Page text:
Think renting in Toronto is rough? Vancouver highlights just how crappy things can get. CBC Vancouver reporter Angela Sterritt shared on her Twitter, a massive lineup to view a rental unit. That’s right, a single rental unit. The crowd was littered with families desperately attempting to get a shot at affordable housing in the city, which she compared to the “Hunger Games.” Pretty crappy, but statistics show this situation might further deteriorate very soon.
— Angela Sterritt (@AngelaSterritt) April 20, 2017
Over 130 People Lined Up For Hours For A Chance
The fuss was over a 2 bedroom rental in a co-op, a unicorn in the city apparently. The $1200 co-op apartment is targeted at low income families, so the apartment was around $200 cheaper per month than fair market value. According to the CBC, over 130 people lined up for a chance to look at the single apartment. While paid line standers have been used to market condos, a co-op does not stand to gain from showing demand. The people on these waitlists have been there for years.
Rental Vacancies Hit 8 Year Low
Co-ops aren’t plentiful, but rentals across the city are getting pretty scarce in general. According to the Canada Mortgage and Housing Corporation (CMHC) most recent survey, vacancy was only 0.7%. This is the lowest rate since 2008, when rental vacancies hit 0.6%. To contrast, Toronto, now the country’s hottest market, had a rental vacancy at 1.4% during the same period. So Vancouver still sucks in the rental planning department.
Apartment Rental Vacancies: Toronto Vs. Vancouver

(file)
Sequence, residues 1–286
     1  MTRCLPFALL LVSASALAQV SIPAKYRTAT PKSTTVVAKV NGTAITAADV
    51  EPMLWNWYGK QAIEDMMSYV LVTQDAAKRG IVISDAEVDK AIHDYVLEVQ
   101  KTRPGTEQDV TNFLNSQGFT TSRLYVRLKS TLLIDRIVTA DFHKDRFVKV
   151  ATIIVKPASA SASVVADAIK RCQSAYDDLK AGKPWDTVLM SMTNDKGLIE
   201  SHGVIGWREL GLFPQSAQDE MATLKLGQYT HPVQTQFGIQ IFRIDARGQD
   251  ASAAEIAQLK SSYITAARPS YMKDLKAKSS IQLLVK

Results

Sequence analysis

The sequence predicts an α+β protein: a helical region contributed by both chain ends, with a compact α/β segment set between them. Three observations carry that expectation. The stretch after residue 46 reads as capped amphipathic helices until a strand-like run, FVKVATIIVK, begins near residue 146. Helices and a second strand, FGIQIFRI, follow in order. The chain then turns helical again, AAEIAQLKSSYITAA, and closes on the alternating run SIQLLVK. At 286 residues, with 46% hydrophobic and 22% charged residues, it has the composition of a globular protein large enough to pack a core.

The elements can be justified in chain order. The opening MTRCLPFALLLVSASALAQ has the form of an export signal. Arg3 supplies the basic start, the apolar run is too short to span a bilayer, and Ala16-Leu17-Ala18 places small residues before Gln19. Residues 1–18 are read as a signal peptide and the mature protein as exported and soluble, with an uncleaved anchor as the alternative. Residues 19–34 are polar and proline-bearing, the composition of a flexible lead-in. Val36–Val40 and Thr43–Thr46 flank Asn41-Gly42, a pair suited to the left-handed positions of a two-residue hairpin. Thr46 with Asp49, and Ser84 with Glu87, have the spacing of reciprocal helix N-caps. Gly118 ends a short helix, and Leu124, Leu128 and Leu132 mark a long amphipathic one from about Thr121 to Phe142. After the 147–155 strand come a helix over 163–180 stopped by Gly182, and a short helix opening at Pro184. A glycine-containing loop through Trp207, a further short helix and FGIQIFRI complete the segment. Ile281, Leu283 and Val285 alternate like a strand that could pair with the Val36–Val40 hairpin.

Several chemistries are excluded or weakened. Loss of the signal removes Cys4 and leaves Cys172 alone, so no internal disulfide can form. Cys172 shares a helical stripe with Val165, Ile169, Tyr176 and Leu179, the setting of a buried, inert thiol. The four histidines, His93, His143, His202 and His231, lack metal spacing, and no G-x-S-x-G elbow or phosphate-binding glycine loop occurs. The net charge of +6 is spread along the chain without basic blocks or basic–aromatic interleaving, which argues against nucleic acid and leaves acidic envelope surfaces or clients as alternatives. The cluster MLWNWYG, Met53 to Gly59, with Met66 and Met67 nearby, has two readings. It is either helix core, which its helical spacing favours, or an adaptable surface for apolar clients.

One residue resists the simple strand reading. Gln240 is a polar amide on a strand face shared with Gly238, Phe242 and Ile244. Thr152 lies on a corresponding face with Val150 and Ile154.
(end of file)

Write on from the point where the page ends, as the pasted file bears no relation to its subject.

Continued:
Expect It To Get Worse
Despite the shortage of purpose built rentals, expect it to get worse. Construction starts hit a multi-decade high in March, but rental construction declined 34%. While the extra construction is suppose to help affordability, it can only help if you can afford to buy a home. Although many of the condos will be bought for the purpose of renting out by micro-landlords.
These condos that will hit the market as secondary rentals, presents its own set of problems. CMHC stats show that the secondary rental units are generally higher in price. In 2016, they were an average of 19% higher, since renters are likely covering extra costs like the interest on the owner’s mortgage. Depending on growth of the rental market through the secondary market will send prices higher.
Affordable housing in Vancouver has been steadily deteriorating for the past decade. Soaring land values drastically reduce incentive to build rental properties. It’s no wonder the city mints a new homeless person every 30 hours.
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